Eldorado High School's shrinking enrollment might remedy overall campus crowding, but its individual classroom populations are expected to remain large this year.
It's a situation common throughout the Clark County School District as students head back to school today.
Eldorado Principal Ron Lustig said the larger class sizes are the result of staff reductions. The reductions are part of $120 million in program cuts made by the district because of the state's financial crisis.
Although the district calls for staffing grades 4-12 with one teacher for every 30 students, Eldorado this year will have about 35 students per teacher, Lustig said.
Eldorado, at 1139 N. Linn Lane, east of Nellis Boulevard and south of Washington Avenue, expects enrollment to drop by one-third this year thanks to rezoning and a new school opening. Freshmen, who last year had to attend classes at the former Bishop Gorman school site on Maryland Parkway, no longer will have to use the overflow campus, now owned by the Clark County School District.
Eldorado served 3,153 students last year and 3,400 students two years ago. This year, enrollment is expected to be just under its ideal capacity of 2,300.
The district also is opening six new schools this year, new construction that signals the sunset of a 10-year building program for the nation's fifth-largest public school system.
Sunrise Mountain High School, 2575 N. Los Feliz St., near Carey Avenue and Hollywood Boulevard, is providing enrollment relief to Eldorado. And the new school is drawing students from two other eastern valley high schools. Desert Pines High School, near Washington and Pecos Road, was 8 percent over its capacity last year. Las Vegas High School, near Sahara Avenue and Hollywood, was 29 percent over its capacity last year.
Sharon Dattoli, district director of demographics, said that an area generally does not feel the full relief of new school openings until the second year. That is because new schools are generally not at capacity when they open.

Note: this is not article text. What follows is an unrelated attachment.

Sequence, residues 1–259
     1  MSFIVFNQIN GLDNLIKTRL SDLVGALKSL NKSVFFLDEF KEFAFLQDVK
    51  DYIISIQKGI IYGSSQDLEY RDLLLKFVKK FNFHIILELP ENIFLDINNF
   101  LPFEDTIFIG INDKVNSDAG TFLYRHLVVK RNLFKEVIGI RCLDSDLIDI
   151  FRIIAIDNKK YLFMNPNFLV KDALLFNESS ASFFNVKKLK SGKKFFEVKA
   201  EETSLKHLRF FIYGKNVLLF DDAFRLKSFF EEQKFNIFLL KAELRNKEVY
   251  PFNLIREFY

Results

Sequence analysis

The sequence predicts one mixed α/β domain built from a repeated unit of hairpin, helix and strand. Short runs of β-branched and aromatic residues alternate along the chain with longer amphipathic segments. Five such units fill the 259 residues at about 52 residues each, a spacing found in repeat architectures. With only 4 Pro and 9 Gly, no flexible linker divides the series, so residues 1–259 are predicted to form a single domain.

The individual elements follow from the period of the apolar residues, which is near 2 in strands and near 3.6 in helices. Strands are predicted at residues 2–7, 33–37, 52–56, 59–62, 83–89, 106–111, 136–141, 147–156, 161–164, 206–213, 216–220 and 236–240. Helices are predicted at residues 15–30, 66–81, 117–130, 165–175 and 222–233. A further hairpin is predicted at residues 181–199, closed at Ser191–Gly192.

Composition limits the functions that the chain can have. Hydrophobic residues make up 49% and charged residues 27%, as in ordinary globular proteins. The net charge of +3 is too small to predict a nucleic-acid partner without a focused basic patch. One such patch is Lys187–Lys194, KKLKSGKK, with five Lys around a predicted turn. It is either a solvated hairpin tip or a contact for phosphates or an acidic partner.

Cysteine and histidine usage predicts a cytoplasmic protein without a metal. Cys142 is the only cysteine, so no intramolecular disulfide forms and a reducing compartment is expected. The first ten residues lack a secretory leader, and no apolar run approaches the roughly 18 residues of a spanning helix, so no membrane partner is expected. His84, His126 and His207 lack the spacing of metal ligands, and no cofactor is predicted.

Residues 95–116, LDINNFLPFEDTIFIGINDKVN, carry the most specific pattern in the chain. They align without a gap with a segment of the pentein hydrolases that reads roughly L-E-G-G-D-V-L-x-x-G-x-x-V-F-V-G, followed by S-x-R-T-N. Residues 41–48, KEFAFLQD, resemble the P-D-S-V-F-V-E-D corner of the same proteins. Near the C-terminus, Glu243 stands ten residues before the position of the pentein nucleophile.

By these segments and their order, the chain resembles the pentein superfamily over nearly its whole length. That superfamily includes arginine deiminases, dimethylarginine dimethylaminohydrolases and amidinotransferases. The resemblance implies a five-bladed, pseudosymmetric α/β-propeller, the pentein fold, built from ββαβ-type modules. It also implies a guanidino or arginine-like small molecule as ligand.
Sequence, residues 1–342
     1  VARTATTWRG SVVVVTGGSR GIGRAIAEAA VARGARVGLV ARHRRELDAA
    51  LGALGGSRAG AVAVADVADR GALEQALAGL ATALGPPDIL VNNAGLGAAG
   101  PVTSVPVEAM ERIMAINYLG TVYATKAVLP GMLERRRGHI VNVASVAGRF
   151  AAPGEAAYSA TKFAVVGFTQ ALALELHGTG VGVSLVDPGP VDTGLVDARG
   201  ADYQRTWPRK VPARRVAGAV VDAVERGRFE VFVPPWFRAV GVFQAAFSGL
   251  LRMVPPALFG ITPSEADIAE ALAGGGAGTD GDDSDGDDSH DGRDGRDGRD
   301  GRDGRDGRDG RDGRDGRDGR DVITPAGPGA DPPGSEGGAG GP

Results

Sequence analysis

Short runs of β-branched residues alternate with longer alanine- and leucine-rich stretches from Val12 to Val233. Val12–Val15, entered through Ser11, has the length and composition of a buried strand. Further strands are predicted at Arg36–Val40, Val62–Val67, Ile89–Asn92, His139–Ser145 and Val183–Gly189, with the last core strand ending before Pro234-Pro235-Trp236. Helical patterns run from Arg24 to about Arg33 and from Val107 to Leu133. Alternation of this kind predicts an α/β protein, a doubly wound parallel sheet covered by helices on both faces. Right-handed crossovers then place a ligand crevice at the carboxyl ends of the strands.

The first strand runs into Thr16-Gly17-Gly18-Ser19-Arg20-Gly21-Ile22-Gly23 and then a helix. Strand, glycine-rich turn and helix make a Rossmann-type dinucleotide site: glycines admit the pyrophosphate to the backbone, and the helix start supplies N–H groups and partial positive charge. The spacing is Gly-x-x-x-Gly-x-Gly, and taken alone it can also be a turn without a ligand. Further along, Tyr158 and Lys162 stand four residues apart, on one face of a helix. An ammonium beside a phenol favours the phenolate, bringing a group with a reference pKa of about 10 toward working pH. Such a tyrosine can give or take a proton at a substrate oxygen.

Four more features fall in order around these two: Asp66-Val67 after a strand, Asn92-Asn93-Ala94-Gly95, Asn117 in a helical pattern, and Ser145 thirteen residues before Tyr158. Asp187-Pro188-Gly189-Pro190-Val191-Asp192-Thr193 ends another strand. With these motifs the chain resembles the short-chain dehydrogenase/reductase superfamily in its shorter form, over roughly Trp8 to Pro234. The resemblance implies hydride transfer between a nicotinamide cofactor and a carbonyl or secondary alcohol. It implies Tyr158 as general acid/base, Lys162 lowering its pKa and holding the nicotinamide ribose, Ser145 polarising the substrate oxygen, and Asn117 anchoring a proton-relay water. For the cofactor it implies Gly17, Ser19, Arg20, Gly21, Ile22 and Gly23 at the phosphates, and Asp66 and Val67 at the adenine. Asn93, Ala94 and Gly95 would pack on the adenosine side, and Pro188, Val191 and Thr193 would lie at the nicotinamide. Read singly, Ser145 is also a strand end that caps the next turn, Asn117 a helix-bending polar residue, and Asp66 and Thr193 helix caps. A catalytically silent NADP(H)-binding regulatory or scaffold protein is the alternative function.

Sunrise Mountain is opening with grades 9 through 11 and is expecting 1,650 students. The school will not have a senior class until 2010-11.
Although the district is opening with new schools and reduced staffing levels, Lustig credited district administration for giving the schools enough warning to plan for shortfalls.
District spokesman Michael Rodriguez said efforts have been made to minimize the effects of reduced funding at the classroom level as much as possible. He said the district has hired between 500 to 600 new teachers for the school year.
The district cut 209 teaching positions last year, but all teachers whose positions were eliminated were able to be placed in other district assignments, Rodriguez said.
After years of rapid growth, enrollment has leveled off. District officials this year expect a slight increase over last year's 311,000 students.
Henderson parent Kevinn blames the district for poor planning.
He contends that the district has enough seats for about 370,00 students and that with some 60,000 vacant seats, it could close schools and reduce student-to-teacher ratios. "Lift the grid" is his solution for reducing class sizes through better zoning.
Joyce Haldeman, assistant superintendent for community relations, said Donovan's plan would involve putting all elementary schools on year-round schedules, which is not something district officials think the public wants.
Rodriguez said it's incorrect to think that the district has empty classrooms. When new schools do open under capacity, the unused classrooms serve other functions, such as study halls or meeting places for student government.
Also, class sizes will vary according to other circumstances.
Because Cheyenne High School, 3200 W. Alexander Road, is an empowerment school, it got additional private funding for innovative programs. District empowerment schools work to improve student performance through increased autonomy, smaller class sizes and a longer school day.
Principal Jeff Geihs used the extra funding to hire five additional teachers to keep class sizes at 30 students per teacher in core subjects such as English, history, algebra and physics.
"I don't think large class sizes will be a problem," Geihs said.
In spite of the challenges at Eldorado, Lustig said he is fortunate to have a motivated staff. On Saturday, Lustig opened the school to teachers who wanted to make last-minute preparations. Eldorado has come close to meeting the education benchmarks of the federal No Child Left Behind Act. This year could be the year they succeed.
"We've made great gains," Lustig said. "Now it's time to push the envelope."
Contact reporter James Haug at jhaug @reviewjournal.com or 702-374-7917.